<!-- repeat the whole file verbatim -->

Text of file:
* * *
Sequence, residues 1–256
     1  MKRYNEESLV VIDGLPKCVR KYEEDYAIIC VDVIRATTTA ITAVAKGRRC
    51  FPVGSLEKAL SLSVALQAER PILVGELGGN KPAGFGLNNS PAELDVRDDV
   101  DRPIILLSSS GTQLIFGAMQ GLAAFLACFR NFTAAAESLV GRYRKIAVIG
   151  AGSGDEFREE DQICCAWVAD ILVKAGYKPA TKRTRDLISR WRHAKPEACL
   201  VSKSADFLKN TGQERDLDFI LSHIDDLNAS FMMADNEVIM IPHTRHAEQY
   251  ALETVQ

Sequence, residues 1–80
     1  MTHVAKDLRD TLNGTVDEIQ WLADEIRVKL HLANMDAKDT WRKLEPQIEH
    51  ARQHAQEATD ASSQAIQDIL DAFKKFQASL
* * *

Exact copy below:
Sequence, residues 1–256
     1  MKRYNEESLV VIDGLPKCVR KYEEDYAIIC VDVIRATTTA ITAVAKGRRC
    51  FPVGSLEKAL SLSVALQAER PILVGELGGN KPAGFGLNNS PAELDVRDDV
   101  DRPIILLSSS GTQLIFGAMQ GLAAFLACFR NFTAAAESLV GRYRKIAVIG
   151  AGSGDEFREE DQICCAWVAD ILVKAGYKPA TKRTRDLISR WRHAKPEACL
   201  VSKSADFLKN TGQERDLDFI LSHIDDLNAS FMMADNEVIM IPHTRHAEQY
   251  ALETVQ

Sequence, residues 1–80
     1  MTHVAKDLRD TLNGTVDEIQ WLADEIRVKL HLANMDAKDT WRKLEPQIEH
    51  ARQHAQEATD ASSQAIQDIL DAFKKFQASL